Applecross, Scotland.

This past weekend my boyfriend and I travelled to Applecross for a night of camping.

He rented one van and drove us from Dundee to Aberdeen to meet up with the rest of our party. His friend in Aberdeen also rented a van, so all 16 of us (plus one well-mannered Bassett Hound) piled into the vans and we caravaned it westward Saturday morning.

In my pre-vegan days, a weekend camping would involve copious amounts of alcohol and barbeque, plenty of junk food and even smoking. I expected to answer questions through the weekend as we were the only vegans in the group. Not only are we vegan, but we only eat whole fruits and veggies, and neither of us drink alcohol or smoke.

I’m a weird sort of vegan with this high carb low fat, whole foods, super clean lifestyle, and since I moved to Scotland I’ve been completely spoiled with my friend situation. All of my friends here are vegan. I know so many vegans, that I can actually pick and choose which vegan friends I’ll hang out with on regular basis. I’ve never experienced that before. Because veganism is so popular in Glasgow, Edinburgh, and Dundee (as I’ve recently learned), I live in a vegan bubble. I forget people still drink cow’s milk, that people still eat non-vegan sausage rolls when the vegan ones are perfectly delicious, and that people just eat and drink whatever they can scrounge up at the petrol station without checking the ingredients….

Because I live in a vegan bubble, I’m taken aback when I socialise with non-vegans. This weekend reminded me that vegans are still in the minority. I wouldn’t eat any of their chocolate or snacks and turned down every offer for a beer or soda. Instead, Kuba and I explained to our perplexed group of new friends that we only drink water (seriously, no drinking alcohol at all) and only eat fruits and veggies, then proceeded to plow through several kilos of grapes, clementines, bananas, and a few smoothies.

The most shocking part of the day was after we arrived at the campsite. I knew some people would be grilling meat, but I was not prepared for the smell. Seeing charred meat bits clinging to the barbecue grate made my stomach turn. Watching them eat meat was even worse. I couldn’t avoid it!

Part of me wanted to shout, Wake up! It’s 2016, why are you still eating meat?! Do you care about the environment? About your health…? But I refrained. I could have been angry and judgemental, but that wouldn’t have solved anything.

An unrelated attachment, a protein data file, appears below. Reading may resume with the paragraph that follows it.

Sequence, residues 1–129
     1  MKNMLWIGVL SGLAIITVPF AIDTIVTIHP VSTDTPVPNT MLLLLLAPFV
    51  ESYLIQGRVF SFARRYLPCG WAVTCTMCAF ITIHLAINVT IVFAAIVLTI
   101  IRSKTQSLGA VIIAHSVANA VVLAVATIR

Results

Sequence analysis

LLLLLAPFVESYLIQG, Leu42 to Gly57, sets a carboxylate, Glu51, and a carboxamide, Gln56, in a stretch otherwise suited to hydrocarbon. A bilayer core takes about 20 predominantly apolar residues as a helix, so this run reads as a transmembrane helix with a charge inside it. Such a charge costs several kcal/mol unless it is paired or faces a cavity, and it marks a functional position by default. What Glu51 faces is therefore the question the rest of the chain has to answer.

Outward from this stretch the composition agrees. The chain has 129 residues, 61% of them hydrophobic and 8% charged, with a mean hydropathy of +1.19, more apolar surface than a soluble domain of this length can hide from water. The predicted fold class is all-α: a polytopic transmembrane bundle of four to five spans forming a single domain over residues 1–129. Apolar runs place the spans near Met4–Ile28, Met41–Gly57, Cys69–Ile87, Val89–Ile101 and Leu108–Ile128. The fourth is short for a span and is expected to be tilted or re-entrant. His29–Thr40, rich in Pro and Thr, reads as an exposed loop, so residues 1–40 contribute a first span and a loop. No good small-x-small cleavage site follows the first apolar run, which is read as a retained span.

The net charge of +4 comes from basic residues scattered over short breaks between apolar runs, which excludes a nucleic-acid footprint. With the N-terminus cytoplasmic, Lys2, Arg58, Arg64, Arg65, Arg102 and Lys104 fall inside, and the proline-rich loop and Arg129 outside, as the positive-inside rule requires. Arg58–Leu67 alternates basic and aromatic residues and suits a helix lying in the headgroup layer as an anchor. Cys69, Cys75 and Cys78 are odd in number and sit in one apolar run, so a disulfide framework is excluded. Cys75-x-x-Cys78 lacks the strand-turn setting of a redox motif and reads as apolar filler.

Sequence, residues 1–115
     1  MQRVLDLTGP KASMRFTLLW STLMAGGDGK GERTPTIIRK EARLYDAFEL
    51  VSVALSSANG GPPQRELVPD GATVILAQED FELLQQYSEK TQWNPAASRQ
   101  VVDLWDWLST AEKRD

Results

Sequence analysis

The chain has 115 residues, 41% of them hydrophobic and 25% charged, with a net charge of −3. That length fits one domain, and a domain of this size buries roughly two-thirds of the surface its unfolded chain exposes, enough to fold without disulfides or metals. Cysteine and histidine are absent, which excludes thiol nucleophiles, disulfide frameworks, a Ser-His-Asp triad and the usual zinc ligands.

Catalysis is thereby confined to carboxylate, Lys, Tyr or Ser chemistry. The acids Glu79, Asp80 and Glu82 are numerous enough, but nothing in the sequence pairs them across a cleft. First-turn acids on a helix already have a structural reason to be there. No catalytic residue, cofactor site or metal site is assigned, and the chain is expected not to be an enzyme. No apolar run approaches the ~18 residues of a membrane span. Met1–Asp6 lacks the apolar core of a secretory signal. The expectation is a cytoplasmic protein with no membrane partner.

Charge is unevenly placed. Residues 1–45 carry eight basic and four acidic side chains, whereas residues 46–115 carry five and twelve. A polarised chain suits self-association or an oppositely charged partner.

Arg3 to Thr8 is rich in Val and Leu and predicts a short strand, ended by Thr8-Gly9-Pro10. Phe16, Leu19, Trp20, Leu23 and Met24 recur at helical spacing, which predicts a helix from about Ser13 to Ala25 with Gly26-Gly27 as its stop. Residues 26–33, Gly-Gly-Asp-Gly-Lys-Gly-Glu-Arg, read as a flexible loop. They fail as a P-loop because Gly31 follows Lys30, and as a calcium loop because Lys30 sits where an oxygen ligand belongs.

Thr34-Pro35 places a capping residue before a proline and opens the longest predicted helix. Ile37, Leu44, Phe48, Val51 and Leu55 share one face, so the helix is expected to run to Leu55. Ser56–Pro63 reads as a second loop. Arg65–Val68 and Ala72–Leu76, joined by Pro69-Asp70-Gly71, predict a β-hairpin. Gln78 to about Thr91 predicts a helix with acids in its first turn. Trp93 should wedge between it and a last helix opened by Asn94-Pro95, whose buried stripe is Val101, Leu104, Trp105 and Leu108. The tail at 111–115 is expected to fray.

I know this isn’t the best way to introduce veganism to a crowd. If I had never heard of veganism, an angry vegan preaching to me wouldn’t have persuaded me to try it.

I try not to judge those who aren’t vegan. Some people might not be aware of veganism, or they may just be misinformed. They might not know that plenty of people thrive on plant-based foods alone. Even if some people have heard of veganism before, we all arrive at conclusions in different ways. For some people, it takes time. It might not be one experience that motivates them to try a vegan lifestyle. Instead, they may decide to try veganism after an accumulation of experiences, no doubt positive ones. The vegans they meet through the years, vegan foods they try and enjoy, and documentaries they watch can all have an impact.

So we didn’t preach to anyone. We enjoyed our grapes and clementines in the grass while others chowed down on their burgers. A few of them started asking questions. One guy even guessed we were vegan. I was stoked that someone had heard of veganism before, and happily explained how and why I eat this way.

I’m so lucky my boyfriend lives this way, as well. It’s always nice to have another vegan by your side when fielding questions!

In the end, I felt very fortunate that we were able to have a conversation about veganism at the campsite. Hours later, as we all huddled around the bonfire, one of the guys who we spoke to earlier started asking questions again. Clearly it was still on his mind. That is always a good sign to me!

Remember to be a positive example of veganism even when faced with a difficult situation. You might be the first vegan they meet, and you never know, you may end up planting the seed of veganism in their minds.

Advertisements

2 thoughts on “Applecross, Scotland.

Leave a Reply

Fill in your details below or click an icon to log in:

WordPress.com Logo

You are commenting using your WordPress.com account. Log Out / Change )

Twitter picture

You are commenting using your Twitter account. Log Out / Change )

Facebook photo

You are commenting using your Facebook account. Log Out / Change )

Google+ photo

You are commenting using your Google+ account. Log Out / Change )

Connecting to %s